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Structural analysis of the kinase proteins PRPF4 and DYRK1B, from the CMGC family, and identification of small compound inhibitors

Grant number: 19/14275-8
Support type:Scholarships in Brazil - Post-Doctorate
Effective date (Start): August 01, 2019
Effective date (End): July 31, 2021
Field of knowledge:Biological Sciences - Biochemistry - Molecular Biology
Cooperation agreement: CNPq - INCTs
Principal Investigator:Paulo Arruda
Grantee:André da Silva Santiago
Home Institution: Instituto de Biologia (IB). Universidade Estadual de Campinas (UNICAMP). Campinas , SP, Brazil
Associated research grant:14/50897-0 - Open-acess Medicinal Chemistry Centre (OpenMedChem), AP.TEM

Abstract

The human genome is composed by approximately 520 annotated kinases, which are responsible for regulating a plethora of biochemical. Kinase proteins are transferases responsible to attach the gamma phosphate from the adenosine triphosphate (ATP) onto the substrate, regulating its activity. They confer a highly dynamic hub that regulates key processes in the signalling responsive for several external stimuli. Many kinase proteins are associated with the development and progression of several types of cancer. They are commonly one of the main target of research to study and treat cancer. Hence, kinases are assured to contribute to several traits that led to dysregulation of target proteins involved in cancer development. Over the past 20 years, the FDA has approved 48 kinase inhibitors, which proves kinases as an important drug target of many diseases.Although the drugs designed for kinases correspond to approximately 6% of all FDA, most of the research focus on 25% of all kinase proteins, whereas most of them remain poorly understudied. Additionally, many of the approved drugs are multidrug kinase, such as sunitinib and cabozantinib, which means the action on the off-targets may lead to toxicities and adverse events.Among the other kinases of the CMGC group, we would like to highlight the importance of investigating PRPF4B and DYRK1B, which have attracted the interest due to their involvement in the control of spindle checkpoint and chromatids distribution and negatively regulation of the cell growth by promoting G1 phase cell cycle arrest and promoting cell resistance to chemotherapy drugs, respectivelyThe untapped kinases from the family of DYRKs and PRPF have been shown to participate of the regulation of important events during the cell cycle. DYRK1B has been received some importance due to the its role in metabolic syndrome related to abdominal fatty acid accumulation and more recently DYRK1B has been shown to participate of the regulation of cell growth by targeting CCND1, a protein required for G1/S cell cycle transition. Whereas the PRPF4 participates of the regulation of pre-mRNA splicing and spindle checkpoint. The search for inhibitors to these understudied kinases would bring some progress to promote the cells to entry in S phase and become more susceptible to chemotherapeutic compounds. In an attempt to identify small molecules able to inhibit the kinases, we propose the current project to approach some unknown questions about PRPF4 and DYRK1B, such as what are the most important residues to achieve a more efficient inhibition and what are the effects of inhibition in cancel cell lines. In an effort to speed up the inhibitor discovery for kinase, the Structural Genomics Consortium, along with medicinal chemistry groups and pharmaceutical companies, successfully developed chemical probes for some of the considered neglected kinases, such as GAK, LIMK, and AAK1. Our work will be based on the identification of inhibitor for PRPF4 and DYRK1B in collaboration with the Aché pharmaceutical company, which has provided a series of inhibitors based on a benzothiophene scaffold, previously demonstrated able to inhibit PRPF4. The new compound series will be tested regarding their capacity to preferentially inhibit PRPF4, using biochemistry and structural biology approach, instead of DYRK1B, since our previous results have identified DYRK1B as the main off-target in the kinome scan.These questions will be approached in this project using molecular biology and proteomic tools. The identification of small molecules for PRPF4 and DYRK1B will be investigated by cloning constructs designed to increase our rate of success in crystallizing it and analyzing them using kinase assays. We hope this project will also support the identification of starting points to generate specific for each of these kinases as part of a collaborative project with Aché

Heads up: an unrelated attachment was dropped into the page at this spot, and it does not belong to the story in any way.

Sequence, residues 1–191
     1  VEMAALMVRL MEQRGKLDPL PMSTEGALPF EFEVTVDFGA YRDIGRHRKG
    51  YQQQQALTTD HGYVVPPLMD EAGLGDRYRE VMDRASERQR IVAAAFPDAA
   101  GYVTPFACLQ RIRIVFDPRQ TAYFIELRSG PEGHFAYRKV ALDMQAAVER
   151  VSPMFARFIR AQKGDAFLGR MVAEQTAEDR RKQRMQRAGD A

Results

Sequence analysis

Scientific publications
(References retrieved automatically from Web of Science and SciELO through information on FAPESP grants and their corresponding numbers as mentioned in the publications by the authors)
O'BYRNE, SEAN N.; SCOTT, JOHN W.; PILOTTE, JOSEPH R.; SANTIAGO, ANDRE DA S.; LANGENDORF, CHRISTOPHER G.; OAKHILL, JONATHAN S.; EDUFUL, BENJAMIN J.; COUNAGO, RAFAEL M.; WELLS, CARROW I.; ZUERCHER, WILLIAM J.; WILLSON, TIMOTHY M.; DREWRY, DAVID H. In Depth Analysis of Kinase Cross Screening Data to Identify CAMKK2 Inhibitory Scaffolds. Molecules, v. 25, n. 2 JAN 2 2020. Web of Science Citations: 1.
PROFETA, GERSON S.; DOS REIS, CAIO V.; SANTIAGO, ANDRE DA S.; GODOI, PAULO H. C.; FALA, ANGELA M.; WELLS, CARROW I.; SARTORI, ROGER; SALMAZO, ANITA P. T.; RAMOS, PRISCILA Z.; MASSIRER, KATLIN B.; ELKINS, JONATHAN M.; DREWRY, DAVID H.; GILEADI, OPHER; COUNAGO, RAFAEL M. Binding and structural analyses of potent inhibitors of the human Ca2+/calmodulin dependent protein kinase kinase 2 (CAMKK2) identified from a collection of commercially-available kinase inhibitors. SCIENTIFIC REPORTS, v. 9, NOV 11 2019. Web of Science Citations: 0.

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